Pirahã anecdotes: Do you know how to eat this?

September 14, 2011

I’ve written about Daniel Everett before, in a short post titled “Languages live like bread and love”, the purpose of which was to share a talk he gave on Pirahã and other endangered languages. Since then, I’ve read his book Don’t Sleep, There Are Snakes: Life and Language in the Amazonian Jungle, and found it an enthralling, affecting portrait of a remarkable language and culture.

Everett’s original motivation in living with the Pirahãs, which he did for many years, was religious: he was a missionary who wanted to translate the Bible into Pirahã and convert the people to Christianity. (That the last chapter is called “Converting the Missionary” will give you an idea of how that turned out.)

The book skilfully blends linguistic fieldwork, ethnography, and memoir. Here’s a snippet:

The first time the Pirahãs brought me something to eat, roasted fish, they asked me, “Gíxai soxóá xobáaxáaí. Kohoaipi?” (Do you already know how to eat this?) It is a great phrase, because if you really don’t want something, it gives you a way out without causing offense. All you have to say is “No, I don’t know how to eat this.”

A little later, the same construction appears in another context. Everett and five Pirahã men are returning to the village from the jungle, where they have been gathering roof materials. The path is long and narrow, with vegetation hanging low over and around it. Each man is carrying a heavy bundle of wood and thatch. Though the Pirahãs do not seem at all tired, Everett is struggling:

I realized that I was getting very tired and again perspiring profusely. I was wondering if I could make it back to the village with this load. My thoughts were interrupted by Kóxoí, who came up alongside of me, smiled, and then reached and took my bundle of palm wood onto his shoulder, adding it to his own load. “You don’t know how to carry this” was all he said.

*

Further on in the book, there’s a chapter on different channels of communication. Everett writes that because the Pirahã language makes extensive use of pitch, it has communication channels, or “channels of discourse”, that are lacking in most European languages.

Everett describes five such channels, each of which serves particular functions in Pirahã culture: whistle speech, hum speech, musical speech, yell speech, and normal speech (more on these here). Hum speech is what the Pirahãs do instead of whispering. It’s spoken at low volume to disguise what’s being said or who’s saying it, and it’s also used by mothers talking to their children, or when someone’s mouth is full.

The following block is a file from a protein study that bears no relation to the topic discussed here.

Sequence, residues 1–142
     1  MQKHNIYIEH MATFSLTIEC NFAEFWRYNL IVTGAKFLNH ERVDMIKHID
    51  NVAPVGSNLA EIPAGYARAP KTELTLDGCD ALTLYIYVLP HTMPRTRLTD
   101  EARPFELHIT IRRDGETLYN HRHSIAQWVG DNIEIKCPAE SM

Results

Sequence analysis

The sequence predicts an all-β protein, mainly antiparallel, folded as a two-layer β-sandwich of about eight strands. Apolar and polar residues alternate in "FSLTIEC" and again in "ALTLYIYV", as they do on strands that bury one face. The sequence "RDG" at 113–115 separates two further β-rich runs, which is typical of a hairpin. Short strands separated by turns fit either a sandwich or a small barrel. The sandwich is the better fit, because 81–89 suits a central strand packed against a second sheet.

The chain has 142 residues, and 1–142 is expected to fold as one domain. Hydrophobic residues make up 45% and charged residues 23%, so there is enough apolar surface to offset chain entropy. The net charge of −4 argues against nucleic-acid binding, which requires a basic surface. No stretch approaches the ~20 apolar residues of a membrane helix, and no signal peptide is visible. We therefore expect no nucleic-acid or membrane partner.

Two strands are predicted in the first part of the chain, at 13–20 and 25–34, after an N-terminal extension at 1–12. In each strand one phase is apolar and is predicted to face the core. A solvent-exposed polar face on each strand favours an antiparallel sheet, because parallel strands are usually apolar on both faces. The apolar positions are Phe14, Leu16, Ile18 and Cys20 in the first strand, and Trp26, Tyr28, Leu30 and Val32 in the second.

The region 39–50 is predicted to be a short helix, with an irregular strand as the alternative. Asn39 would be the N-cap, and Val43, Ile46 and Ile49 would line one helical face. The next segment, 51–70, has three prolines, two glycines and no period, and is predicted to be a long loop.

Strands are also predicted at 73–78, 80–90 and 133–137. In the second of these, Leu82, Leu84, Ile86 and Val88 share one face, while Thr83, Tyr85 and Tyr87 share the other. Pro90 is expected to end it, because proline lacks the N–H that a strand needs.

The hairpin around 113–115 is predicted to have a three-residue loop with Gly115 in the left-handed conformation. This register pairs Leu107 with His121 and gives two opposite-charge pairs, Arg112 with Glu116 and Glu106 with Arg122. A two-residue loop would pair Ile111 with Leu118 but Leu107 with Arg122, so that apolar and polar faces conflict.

Don’t Sleep… has an amusing anecdote of the first time Everett heard the Pirahãs use whistle speech. They had allowed him to go hunting with them, but decided to leave him alone by a tree because his noise (“clunking canteen and machete and congenital clumsiness”) was keeping the animals away.

As I tried to make the best of my solitary confinement, I heard the men whistling to one another. They were saying, “I’ll go over there; you go that way,” and other such hunting talk. But clearly they were communicating. It was fascinating because it sounded so different from anything I had heard before. The whistles carried long and clear in the jungle. I could immediately see the importance and usefulness of this channel, which I guessed would also be much less likely to scare away game than the lower frequencies of the men’s normal voices.

In a previous post, “Silbo Gomero and whistled languages”, I mentioned how whistle speech develops naturally in response to certain activities, such as shepherding and hunting, and environments, such as mountains and dense forest. If you’re curious, you’ll find links, sound files, and video there.


Languages live like bread and love

June 27, 2011

Daniel Everett is best known for his controversial research into the Pirahã language, which he popularised in a book called Don’t Sleep, There Are Snakes (steadily crawling up my to-read mountain.) The post title is a phrase adapted from Carlos Fuentes, which Everett used in a talk titled “Endangered Languages and Lost Knowledge”:

[T]he general principle that makes languages alike or different is very simple. You talk like who you talk with, so if you talk with somebody all the time, you’ll talk like them, and if you don’t talk to them, eventually you won’t talk like them at all. So, languages live like bread and love, by being shared with others.